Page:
According to a recent report by the Institute of Medicine, most Americans receive a wrong diagnosis at some point in their lives. Not every case of wrong diagnosis has serious consequences, of course, but in some cases diagnostic errors can have a significant impact. This is especially the case when diagnostic errors occur in connection with cancer and other potentially life-threatening illnesses.
In our last post, we began speaking about protections at both the state and federal level which shield volunteer physicians from liability in the event of a mistake that injures a patient. We’ve already mentioned the Federal Volunteer Protection Act, the Federal Tort Claims Act, and Michigan’s Good Samaritan Law.
A recent article in the online journal, Medical Economics, focused on an issue that doesn’t come up too often in discussions of medical malpractice. That issue is the liability of physicians for errors in the course of volunteer work. What kind of liability do physicians open themselves up to when they engage in volunteer work, and what options for recovery are available to patients who are harmed by a negligent volunteer physicians?
Last time, we began speaking about the Federal Tort Claims Act and the general elements that must be proven in order to successfully pursue such a claim. One important point that needs to be mentioned about the FTCA is that before a claimant actually pursues litigation under the FTCA, he or she must first file a claim with the federal agency believed to be responsible for the injuries and wait for the agency to deny the claim, take no action, or offer an unsatisfactory settlement.
As we mentioned in our last post, VA patients do not have the same ability to pursue damages for medical errors as civilian patients. This does not mean it is impossible, only that the means of obtaining compensation is slightly different and a bit more circumscribed.
Veterans' Administration hospitals, as readers may have heard, do not have the greatest track record in terms of preventing medical errors. To be sure, medical errors can and do occur from time to time at every hospital, even in the absence of negligence. However, hospitals should continually be working on reducing preventable errors, since these can have a significant impact on the quality of care for patients and shouldn't be occurring in the first place.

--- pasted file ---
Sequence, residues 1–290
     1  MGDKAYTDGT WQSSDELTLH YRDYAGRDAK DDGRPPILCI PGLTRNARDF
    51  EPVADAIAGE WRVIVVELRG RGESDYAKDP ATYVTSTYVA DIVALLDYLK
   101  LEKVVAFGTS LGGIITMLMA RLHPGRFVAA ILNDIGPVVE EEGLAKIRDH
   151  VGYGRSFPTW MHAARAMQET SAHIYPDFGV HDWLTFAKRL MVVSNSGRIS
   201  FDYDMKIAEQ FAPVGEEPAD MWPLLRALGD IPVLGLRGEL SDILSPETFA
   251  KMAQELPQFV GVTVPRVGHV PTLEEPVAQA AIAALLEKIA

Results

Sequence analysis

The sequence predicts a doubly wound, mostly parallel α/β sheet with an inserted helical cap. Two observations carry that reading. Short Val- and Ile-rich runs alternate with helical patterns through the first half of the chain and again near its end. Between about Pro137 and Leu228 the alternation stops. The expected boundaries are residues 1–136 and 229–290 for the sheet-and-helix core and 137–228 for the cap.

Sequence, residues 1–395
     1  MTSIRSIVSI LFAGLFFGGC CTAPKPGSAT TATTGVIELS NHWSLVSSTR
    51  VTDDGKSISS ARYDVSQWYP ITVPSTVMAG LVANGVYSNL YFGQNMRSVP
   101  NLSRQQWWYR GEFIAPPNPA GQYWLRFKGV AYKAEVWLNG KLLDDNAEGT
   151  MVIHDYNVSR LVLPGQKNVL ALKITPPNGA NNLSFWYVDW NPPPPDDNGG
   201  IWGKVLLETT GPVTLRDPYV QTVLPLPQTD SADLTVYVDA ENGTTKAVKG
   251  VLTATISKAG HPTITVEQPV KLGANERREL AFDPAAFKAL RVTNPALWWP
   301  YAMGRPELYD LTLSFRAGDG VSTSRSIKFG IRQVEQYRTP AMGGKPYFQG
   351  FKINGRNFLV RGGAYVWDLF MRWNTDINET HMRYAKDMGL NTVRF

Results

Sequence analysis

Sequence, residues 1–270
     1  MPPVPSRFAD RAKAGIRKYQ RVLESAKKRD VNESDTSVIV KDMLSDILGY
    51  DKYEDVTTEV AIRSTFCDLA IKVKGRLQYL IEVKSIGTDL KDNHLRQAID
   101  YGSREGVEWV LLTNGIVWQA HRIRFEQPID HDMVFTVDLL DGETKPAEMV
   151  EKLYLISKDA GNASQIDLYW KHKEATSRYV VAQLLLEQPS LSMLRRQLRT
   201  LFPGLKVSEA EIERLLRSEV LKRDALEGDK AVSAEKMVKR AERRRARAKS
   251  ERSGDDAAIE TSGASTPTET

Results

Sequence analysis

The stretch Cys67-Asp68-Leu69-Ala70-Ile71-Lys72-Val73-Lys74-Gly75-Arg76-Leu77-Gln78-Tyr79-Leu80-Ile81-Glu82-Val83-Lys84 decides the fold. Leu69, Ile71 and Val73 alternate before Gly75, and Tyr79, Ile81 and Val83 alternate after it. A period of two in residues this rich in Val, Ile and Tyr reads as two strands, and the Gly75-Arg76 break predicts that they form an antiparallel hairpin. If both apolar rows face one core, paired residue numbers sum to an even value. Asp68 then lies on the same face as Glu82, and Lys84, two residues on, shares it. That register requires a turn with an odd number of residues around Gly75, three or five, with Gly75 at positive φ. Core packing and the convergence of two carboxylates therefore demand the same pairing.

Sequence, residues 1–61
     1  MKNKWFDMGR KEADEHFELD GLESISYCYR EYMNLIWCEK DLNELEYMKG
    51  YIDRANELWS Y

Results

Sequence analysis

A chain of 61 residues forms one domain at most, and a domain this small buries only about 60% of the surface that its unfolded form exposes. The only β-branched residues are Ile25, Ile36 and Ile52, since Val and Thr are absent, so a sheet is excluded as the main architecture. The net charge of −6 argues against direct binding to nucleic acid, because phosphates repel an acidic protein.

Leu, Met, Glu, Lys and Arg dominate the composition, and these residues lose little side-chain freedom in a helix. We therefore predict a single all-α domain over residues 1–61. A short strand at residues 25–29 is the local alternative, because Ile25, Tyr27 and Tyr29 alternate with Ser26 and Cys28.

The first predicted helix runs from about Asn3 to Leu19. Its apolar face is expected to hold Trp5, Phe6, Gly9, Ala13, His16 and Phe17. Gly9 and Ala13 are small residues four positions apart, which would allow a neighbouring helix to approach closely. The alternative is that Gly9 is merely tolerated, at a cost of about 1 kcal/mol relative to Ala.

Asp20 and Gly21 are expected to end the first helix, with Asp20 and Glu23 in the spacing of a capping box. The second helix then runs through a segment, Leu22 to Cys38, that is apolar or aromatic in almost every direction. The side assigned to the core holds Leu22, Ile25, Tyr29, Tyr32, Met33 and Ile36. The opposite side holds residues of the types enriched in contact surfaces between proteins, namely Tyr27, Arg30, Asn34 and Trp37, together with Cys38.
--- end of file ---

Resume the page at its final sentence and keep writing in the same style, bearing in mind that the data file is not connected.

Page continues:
In our last post, we mentioned a recent study which highlighted the benefit of returning to the facility that performed a surgical operation when post-op complications arise. As we mentioned, it is important for any patient who experiences serious complications after an operation to consider whether the providers who performed the operation did so in accordance with accepted standards of care.
In our last post, we began speaking about the risks associated with the Fentanyl spray Subsys and the fact that it is often prescribed for off-label uses, some of which are actually contraindicated by the manufacturer. Because of the toxicity of the drug, as well as the risk of addiction and overdose, there is a very tight system of control around the drug.
Physicians have a big responsibility when it comes to the promotion and prescription of medications for the benefit of their patients. Because of the way medical care is delivered, patients rely on their doctors to recommend the most beneficial course of treatment, without reference to personal gain. Unfortunately, the system doesn't always work that way.
A federal database designed to help Americans better track the performance of physicians contains so many accuracies that it cannot be considered reliable. The database, which is run by the federal Centers for Medicine for Medicare & Medicaid Services, is supposed to track physician performance by a 10-digit number assigned by the government, but in many cases, those numbers are wrong, making it impossible for patients to research a physician’s performance history.